Tis the Season

Standard

There is so much uncertainty in the air. Uncertainty as far as what the future looks like for the United States; Uncertainty as far as what the pandemic might bring.

Everywhere one looks, they are told to think in a certain way. Due to fear, masked in the veil of compassion/the right thing to do, we should act accordingly. After all, if we want to protect everyone, we must all do what is right, just, and ultimately good.

In the midst of this Advent season, I am reminded of a plan. Of a baby, his birth, and the plan to redeem humanity.

With uncertainty and confusion whipping around, I am thankful for Jesus. Making a way for us through his birth, death, and resurrection on the cross.

Photo by Gareth Harper on Unsplash

Called Beyond Circumstantial Joy

Standard

The closer we get to Christmas, the closer we get to people taking vacation time, the crazier my office is becoming. With stress levels rising to the point where someone is going to have a heart attack, I was happy for this reminder: God’s people are called to a joy that isn’t based on circumstances. No, instead we are called to a joy that chooses to trust that God will fulfill His promises.

Revenge of The Christmas Monster

Standard

Taught my first Advent lesson for Sunday School yesterday. We talked about how Jesus is our hope, light, and peace. I shared how this holiday season can be one of darkness for myself. How Advent helps me focus on the light of the season, Jesus. Got me thinking about the things we bring into the holidays. I was telling Tab that we battled The Christmas Monster, even as a married couple, for a long, long, time. We’ve worked hard though to create our own traditions (which I love) and refocus what Christmas is all about for our family. Below is a post I wrote about the Christmas monster in 2015. Enjoy!

The holidays are a battle. A war filled with presents.

The Christmas list is a list that must be structured to maximize gifts received. I’m not sure what year I learned how much family members spent on me for Christmas, but I did. Strategic planning ensued. I would organize my list so that the most expensive items were at the top of the page. As one would read down the list, the items became cheaper. I would even take this a step further by listing the items retail price. I was a monster, used to three family Christmas events. One with my dad’s parents, one with my mom’s parents, and one with my immediate family.

Sometimes monsters look cute. I mean, handsome.

My Aunt Jody has no children. She loves giving; she loves Christmas time. On the other side of the Christmas campfire, my mom felt the need to compete with my aunt and grandparents. Growing up, she co-owned a craft business with a friend. My mom would spend hours out in the garage, cutting out craft pieces with her scroll saw. She would then paint these items, piece them together, and then go to a weekend craft show to sell. Generating money for Christmas that we did not have. I remember my Grandma and Grandpa Ayers coming out to help her paint and get items ready to sell. The holidays were stressful for my mom. I’m sure she wouldn’t tell you that. I’m sure as a kid I couldn’t have told you that my mom was stressed over having to compete. But she was.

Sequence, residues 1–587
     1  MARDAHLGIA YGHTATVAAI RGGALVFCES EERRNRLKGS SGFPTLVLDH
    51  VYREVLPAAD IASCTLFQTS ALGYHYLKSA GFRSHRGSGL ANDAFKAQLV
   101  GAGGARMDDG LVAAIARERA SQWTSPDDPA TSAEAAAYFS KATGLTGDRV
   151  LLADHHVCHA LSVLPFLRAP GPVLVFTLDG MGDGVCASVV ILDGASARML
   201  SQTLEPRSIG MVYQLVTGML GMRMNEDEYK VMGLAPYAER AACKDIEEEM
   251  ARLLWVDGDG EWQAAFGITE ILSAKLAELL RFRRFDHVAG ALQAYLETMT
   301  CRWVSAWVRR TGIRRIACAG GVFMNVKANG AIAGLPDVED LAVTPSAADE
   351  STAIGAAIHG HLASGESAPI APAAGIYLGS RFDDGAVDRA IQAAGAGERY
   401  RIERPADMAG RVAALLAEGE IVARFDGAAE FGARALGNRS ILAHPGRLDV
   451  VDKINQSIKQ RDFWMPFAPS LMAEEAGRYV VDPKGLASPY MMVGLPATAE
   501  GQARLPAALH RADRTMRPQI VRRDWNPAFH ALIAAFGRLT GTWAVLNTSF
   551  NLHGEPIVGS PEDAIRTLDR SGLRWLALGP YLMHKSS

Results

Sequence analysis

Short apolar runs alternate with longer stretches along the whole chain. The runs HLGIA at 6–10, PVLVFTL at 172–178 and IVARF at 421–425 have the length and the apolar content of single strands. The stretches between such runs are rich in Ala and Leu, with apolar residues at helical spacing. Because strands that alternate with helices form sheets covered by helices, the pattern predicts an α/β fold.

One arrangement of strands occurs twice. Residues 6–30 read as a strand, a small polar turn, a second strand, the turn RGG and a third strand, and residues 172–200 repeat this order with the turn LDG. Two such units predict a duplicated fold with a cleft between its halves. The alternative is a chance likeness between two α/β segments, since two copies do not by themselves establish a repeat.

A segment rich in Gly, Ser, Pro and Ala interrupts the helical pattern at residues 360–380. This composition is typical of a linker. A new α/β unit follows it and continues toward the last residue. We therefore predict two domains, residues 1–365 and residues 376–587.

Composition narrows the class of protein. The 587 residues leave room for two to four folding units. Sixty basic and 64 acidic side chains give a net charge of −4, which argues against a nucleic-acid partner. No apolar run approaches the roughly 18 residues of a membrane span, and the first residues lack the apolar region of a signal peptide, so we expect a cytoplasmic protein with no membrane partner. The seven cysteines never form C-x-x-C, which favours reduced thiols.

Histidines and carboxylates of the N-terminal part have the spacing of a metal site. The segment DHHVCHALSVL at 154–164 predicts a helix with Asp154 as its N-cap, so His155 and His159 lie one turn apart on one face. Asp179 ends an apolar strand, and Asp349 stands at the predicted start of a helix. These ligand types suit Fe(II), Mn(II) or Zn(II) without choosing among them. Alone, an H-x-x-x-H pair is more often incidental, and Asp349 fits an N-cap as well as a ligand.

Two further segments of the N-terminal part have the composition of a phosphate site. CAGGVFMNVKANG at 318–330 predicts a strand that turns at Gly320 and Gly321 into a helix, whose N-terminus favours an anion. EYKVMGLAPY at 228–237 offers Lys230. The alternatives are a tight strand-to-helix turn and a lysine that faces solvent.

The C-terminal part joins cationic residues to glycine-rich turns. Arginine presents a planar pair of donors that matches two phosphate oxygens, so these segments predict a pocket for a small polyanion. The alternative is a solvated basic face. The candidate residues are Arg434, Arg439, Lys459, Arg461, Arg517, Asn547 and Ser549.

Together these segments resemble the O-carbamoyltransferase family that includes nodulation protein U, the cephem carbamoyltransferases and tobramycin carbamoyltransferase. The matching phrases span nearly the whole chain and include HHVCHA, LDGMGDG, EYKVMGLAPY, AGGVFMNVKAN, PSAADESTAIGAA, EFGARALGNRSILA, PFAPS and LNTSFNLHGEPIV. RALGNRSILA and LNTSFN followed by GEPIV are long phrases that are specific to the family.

The gift overload distorted my view of Christmas. The season became all about what I could get. I didn’t see the stress it was causing those around me.

My mom has since learned to let go and not compete. But I’m still learning, shaping, what Christmas looks like for my family. I don’t want Wyatt growing up thinking that Christmas is about maximizing what he can get. Sure, maybe kids do that to a point. But I do not want to raise a Christmas monster.

What does Christmas look like for you and your family? How do you go beyond presents?

A Christmas Note To Myself

Standard

On the day before December begins,

I’d like to remind myself.

That no matter how stressful work gets,

Nor how much I miss family,

Swirling down into the depression pit isn’t worth it.

At all.

I need to focus on my family around me,

My friends,

The anticipation of the Advent season.

Spending the entire month of December, in a funk, sucks.

You know it, and your wife knows it. 

So stop it!

Break the cycle this year.

Tell depression to get off your mental lawn.

You’re welcome, by the way.

– A note from November Bryan to December Bryan.

Photo by Adam Birkett on Unsplash

Not sure about you, but December is traditionally a tough month for me. All through November, I’ve been watching depression circle around outside the fire light. Beckoning me to step away from the comforts of clarity and embrace the dark/warm fuzzy jacket of depression. Wanted to write a quick note to remind myself not to go down that path this year. I want to encourage you also to stay near the fire and pay attention to the words you are speaking to yourself. We can do this.